Analysis: Coffee Prices to Level Out Amid Inflation Setbacks

With inflation remaining steady, many companies currently face dilemmas.

Some are doing everything in their power to absorb the higher operating costs and to keep their prices down. Others, however, have been able to pass higher costs on to their consumers without much pushback – for now, at least.

The coffee industry is a prime example of this issue. The commodity has the advantage of consistently high demand, but it isn’t immune to the effects of evolving consumer habits and the dreaded post-pandemic supply chain issues. Just look at the price increases abroad.

News that coffee prices in the European Union were up almost 17% in August made headlines recently, as consumers and business owners worldwide face higher costs. For this industry, staying ahead of consumer expectations while remaining flexible in production can be key.

Fortunately, there’s been some improvement since late summer. According to CNN Business, arabica coffee futures have decreased roughly 35% since August to $1.59 per pound. Yet, while prices in the U.S. might see a modest decline, factors like labor and distribution costs are still making coffee roasts expensive to produce.

Whether it’s for at-home brewing or for local cafes, producing coffee is a long and labor-intensive agricultural process. Coffee beans are harvested and processed all over the world in different ways, but each includes several intricate steps, during which timing is critical.

The industry has faced a slew of different economic disruptions making it harder to export quality harvests. Larger coffee companies sometimes secure long-term contracts with suppliers, leaving them more insulated from drastic price changes, but smaller sellers are feeling the brunt.

London-based coffee shop owner Oli Baise has experienced price hikes firsthand.

“I spoke to some of our suppliers and they say that this rise in price is due to droughts. This has caused the cost to grow a bag of coffee (60 Kg) to rise around 33 percent,” Baise told The Food Institute. “Since the U.S. imports the majority of their coffee from Brazil (as does the rest of the world, barring parts of Southeast Asia) we should expect prices to rise in these areas, as well.”

According to Bloomberg, Vietnam, the world’s second-largest coffee producer, is experiencing significant decreases in output of the export throughout this year. Disruptions to global coffee supplies are just one piece of the puzzle affecting prices.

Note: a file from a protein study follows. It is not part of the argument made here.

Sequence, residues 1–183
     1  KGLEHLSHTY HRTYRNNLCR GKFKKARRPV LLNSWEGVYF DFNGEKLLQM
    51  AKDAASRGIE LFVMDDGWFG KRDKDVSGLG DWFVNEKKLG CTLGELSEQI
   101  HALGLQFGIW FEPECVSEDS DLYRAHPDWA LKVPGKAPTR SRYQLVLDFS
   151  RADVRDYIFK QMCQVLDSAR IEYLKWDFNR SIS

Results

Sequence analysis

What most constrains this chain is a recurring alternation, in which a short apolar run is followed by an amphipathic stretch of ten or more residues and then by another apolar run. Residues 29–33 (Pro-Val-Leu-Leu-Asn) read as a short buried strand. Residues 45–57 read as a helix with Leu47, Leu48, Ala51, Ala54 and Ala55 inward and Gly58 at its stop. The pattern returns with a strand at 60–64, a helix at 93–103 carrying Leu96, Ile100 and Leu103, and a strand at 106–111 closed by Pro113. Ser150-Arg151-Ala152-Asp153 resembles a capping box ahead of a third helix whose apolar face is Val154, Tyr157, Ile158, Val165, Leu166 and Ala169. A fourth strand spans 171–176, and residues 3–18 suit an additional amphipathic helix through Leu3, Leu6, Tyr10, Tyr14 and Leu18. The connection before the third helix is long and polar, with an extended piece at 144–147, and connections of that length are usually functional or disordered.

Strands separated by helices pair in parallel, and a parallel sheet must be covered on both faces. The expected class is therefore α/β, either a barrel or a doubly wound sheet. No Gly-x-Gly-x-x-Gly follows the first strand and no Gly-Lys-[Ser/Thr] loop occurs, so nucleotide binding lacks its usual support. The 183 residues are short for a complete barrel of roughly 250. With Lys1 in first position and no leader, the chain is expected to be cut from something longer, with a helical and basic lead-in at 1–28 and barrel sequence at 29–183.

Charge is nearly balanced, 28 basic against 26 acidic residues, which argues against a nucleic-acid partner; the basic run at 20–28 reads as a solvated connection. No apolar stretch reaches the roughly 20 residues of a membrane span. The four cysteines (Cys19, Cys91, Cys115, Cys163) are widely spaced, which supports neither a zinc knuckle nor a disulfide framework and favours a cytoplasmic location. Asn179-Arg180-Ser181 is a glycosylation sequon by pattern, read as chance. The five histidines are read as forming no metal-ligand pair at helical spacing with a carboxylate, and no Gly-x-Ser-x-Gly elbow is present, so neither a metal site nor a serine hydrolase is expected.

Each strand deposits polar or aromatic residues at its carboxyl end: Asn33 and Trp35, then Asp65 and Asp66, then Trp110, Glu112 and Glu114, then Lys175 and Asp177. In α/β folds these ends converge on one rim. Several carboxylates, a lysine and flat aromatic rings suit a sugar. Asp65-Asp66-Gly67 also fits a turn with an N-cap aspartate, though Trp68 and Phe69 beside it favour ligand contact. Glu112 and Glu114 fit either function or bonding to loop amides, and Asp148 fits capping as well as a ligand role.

Changes in coffee consumption are also a strong factor. In 2020 – like most things – the morning coffee ritual became a strictly at-home activity amid the Covid-19 pandemic, and consumers shifted their demand to quality coffee they can brew in their kitchen. Units of single-serve coffee brewers saw a spike in demand, but with many remote workers returning to offices or going hybrid in 2022, coffee shops are suddenly back in a big way.

While coffee sellers have the benefit of these two robust markets (at-home brewers and coffee houses) the challenge they face is maintaining supply levels within a changing workforce. Some workers are simply never returning to office life, while some offices are stocked on coffee products as an employee incentive.

Demand for coffee stays relatively the same, but the manner in which consumers are getting it has never seen such rapid change. According to Reuters, a majority of consumers are prioritizing higher quality coffee brews over large package volumes, even if that translates to higher costs.

These findings ring true, as some of the biggest coffee sellers report high earnings. Keurig reported strong results for the third quarter. Nestlé, producer of Nescafé and Nespresso, reported its strongest nine-month sales growth in 14 years, according to Reuters.
Demand for coffee on the go also has remained high despite price increases in coffee shops, resulting in record sales for Starbucks with sales in North America up 11% over last year, per NPR.


So, is the coffee industry in trouble? Not so much, judging from recent sales.

The strength of the US dollar is one saving grace for the industry, according to CNN Business, as farmers abroad look to sell to the U.S. and earn a higher payout. This can lead to a drop in prices.

Yet, consumers are growing somewhat impatient with high prices on everyday items. Case in point: coffee chain Dunkin recently launched an updated rewards program that makes it tougher to earn free items, garnering mixed reviews from customers.

While the industry can continue to rely on an almost fixed level of demand, coffee sellers still must tread lightly as the morning latte is seen as less of a small treat, and more of an occasional luxury. Staying on top of demand and maintaining customer loyalty will be key for the industry to stay on its path to profitability.


Source: ZACK JOHNSTON – The Food Institute (

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